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Big Island Mayor Harry Kim Thought He Was In Tune With Voters

Ku'uwehi Hiraishi
Harry Kim

Hawai?i County Mayor Harry Kim was voted into retirement by Big Island voters in Saturday's 2020 primary election. Kim says he was surprised by the loss. But in reflecting on the last four years, he says he wouldn’t change a thing.

Hawai?i Island voters rejected incumbent Harry Kim?s bid for a fourth term as mayor of the Big Island.

“I really thought I had a handle on the kind of government they wanted. But this election made me wake up,” says Kim. “You thought you had a handle but people showed you that you don?t, and I accept that.”  

This is Kim?s third term as mayor and a rough one at that. Since taking office, he?s dealt with a volcanic eruption, the contentious standoff on Mauna Kea, and now a global pandemic that has left thousands of Big Island residents unemployed.

“I look back because I was asked, 'What would you have changed on these things? Maybe one of your downfalls was Mauna Kea – would you change that?' I said, 'Absolutely not.'”

Kim has spent more than 40 years in county government, most of it as head of Hawai?i County Civil Defense. He says an end to his term as mayor isn?t an end to public service.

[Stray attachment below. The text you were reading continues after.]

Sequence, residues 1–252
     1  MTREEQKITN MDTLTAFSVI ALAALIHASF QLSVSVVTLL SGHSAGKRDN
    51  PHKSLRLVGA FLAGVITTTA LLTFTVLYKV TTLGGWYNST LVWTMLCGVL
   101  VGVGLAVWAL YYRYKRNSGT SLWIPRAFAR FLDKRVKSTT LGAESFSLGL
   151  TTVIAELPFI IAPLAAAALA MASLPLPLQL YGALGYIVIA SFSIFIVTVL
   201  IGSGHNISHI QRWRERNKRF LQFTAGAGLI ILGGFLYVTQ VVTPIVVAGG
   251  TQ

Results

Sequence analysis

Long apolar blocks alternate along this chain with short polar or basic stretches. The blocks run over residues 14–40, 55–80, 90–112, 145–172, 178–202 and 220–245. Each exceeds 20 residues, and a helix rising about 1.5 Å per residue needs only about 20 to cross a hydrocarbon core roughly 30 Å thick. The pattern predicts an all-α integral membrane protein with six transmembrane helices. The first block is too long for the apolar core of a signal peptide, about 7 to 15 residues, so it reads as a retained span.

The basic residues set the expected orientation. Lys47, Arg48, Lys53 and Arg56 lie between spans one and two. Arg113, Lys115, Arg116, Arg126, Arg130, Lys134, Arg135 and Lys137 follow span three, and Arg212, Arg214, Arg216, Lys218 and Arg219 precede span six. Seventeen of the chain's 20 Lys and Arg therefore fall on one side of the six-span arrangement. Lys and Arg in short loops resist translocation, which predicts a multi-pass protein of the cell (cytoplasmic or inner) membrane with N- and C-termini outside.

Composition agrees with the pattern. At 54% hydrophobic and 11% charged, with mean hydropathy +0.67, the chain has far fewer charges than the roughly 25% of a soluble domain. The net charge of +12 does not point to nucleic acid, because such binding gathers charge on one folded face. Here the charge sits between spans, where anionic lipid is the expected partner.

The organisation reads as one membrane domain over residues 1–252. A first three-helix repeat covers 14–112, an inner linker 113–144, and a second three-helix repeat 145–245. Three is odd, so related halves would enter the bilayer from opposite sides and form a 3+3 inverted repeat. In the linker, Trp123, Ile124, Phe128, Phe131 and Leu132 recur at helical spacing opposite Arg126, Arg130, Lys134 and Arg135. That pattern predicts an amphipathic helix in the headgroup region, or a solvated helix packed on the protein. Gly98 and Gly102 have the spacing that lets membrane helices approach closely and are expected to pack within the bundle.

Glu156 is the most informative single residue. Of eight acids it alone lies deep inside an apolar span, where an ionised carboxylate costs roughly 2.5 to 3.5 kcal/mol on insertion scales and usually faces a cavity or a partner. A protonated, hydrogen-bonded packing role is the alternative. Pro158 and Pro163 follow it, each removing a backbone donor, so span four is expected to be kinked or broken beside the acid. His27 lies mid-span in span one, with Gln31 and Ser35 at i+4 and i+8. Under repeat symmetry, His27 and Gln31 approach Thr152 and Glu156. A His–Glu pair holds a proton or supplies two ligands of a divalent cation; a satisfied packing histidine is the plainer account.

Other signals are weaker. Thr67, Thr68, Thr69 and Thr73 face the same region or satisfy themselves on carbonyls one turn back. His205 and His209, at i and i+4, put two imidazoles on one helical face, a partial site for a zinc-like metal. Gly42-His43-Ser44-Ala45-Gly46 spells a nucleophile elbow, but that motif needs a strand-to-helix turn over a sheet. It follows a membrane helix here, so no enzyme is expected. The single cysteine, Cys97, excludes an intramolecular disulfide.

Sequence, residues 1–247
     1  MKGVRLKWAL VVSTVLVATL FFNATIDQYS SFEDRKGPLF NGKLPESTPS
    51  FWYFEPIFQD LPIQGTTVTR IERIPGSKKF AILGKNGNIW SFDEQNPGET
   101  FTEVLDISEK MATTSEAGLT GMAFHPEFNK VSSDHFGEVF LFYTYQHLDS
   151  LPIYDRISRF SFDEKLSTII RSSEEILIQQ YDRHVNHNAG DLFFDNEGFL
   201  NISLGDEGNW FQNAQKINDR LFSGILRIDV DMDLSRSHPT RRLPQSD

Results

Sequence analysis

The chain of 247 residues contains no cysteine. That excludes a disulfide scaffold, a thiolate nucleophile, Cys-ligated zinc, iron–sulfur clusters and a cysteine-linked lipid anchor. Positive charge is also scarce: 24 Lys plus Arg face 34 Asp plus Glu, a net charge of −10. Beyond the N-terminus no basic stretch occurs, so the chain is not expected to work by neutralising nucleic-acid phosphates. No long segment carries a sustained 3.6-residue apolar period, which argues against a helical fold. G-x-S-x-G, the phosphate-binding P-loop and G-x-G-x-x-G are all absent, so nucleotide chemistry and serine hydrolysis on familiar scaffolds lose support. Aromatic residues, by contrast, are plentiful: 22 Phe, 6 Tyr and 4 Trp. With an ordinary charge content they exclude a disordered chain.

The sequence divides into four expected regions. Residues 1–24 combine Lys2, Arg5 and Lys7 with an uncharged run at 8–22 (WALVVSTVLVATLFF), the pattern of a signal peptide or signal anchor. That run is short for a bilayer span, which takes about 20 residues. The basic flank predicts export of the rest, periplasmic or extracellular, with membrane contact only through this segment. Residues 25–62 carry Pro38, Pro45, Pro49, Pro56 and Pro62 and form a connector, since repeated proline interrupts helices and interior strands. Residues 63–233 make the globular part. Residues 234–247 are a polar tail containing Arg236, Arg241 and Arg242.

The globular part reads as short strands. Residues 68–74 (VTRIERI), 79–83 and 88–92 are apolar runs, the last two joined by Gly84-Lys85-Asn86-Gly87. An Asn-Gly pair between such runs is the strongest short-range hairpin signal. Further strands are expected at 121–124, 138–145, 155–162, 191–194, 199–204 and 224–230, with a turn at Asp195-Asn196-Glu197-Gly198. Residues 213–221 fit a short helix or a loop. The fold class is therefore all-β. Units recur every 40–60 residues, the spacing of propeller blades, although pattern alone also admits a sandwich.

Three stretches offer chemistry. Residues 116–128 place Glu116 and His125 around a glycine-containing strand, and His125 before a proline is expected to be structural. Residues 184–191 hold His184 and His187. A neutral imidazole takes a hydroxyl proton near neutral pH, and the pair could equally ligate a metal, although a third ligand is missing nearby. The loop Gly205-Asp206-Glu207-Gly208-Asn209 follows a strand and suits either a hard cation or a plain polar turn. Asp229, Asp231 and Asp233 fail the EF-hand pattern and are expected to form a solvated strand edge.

“It doesn?t matter what your job is, it?s the consistency of what you work for – and that's to make this a better place. So that's what I'll do. I just don't know what,” says Kim. “I never thought I'd be mayor to tell you the truth.” 

He says the requirements of public office weighed most heavily on his family. After the primary election results came in, Kim says his wife Bobbie turned to him.  

“She said, ?Do you know this will be your first Christmas that the day after Christmas you won?t have to say, ‘I gotta go to work?’” 

Kim?s last day in office is December 5, after which he says all his attention will be on his family.

“And maybe they’ll regret that!” says Kim.

Kuʻuwehi Hiraishi is a general assignment reporter at Hawaiʻi Public Radio. Her commitment to her Native Hawaiian community and her fluency in ʻōlelo Hawaiʻi has led her to build a de facto ʻōiwi beat at the news station. Send your story ideas to her at
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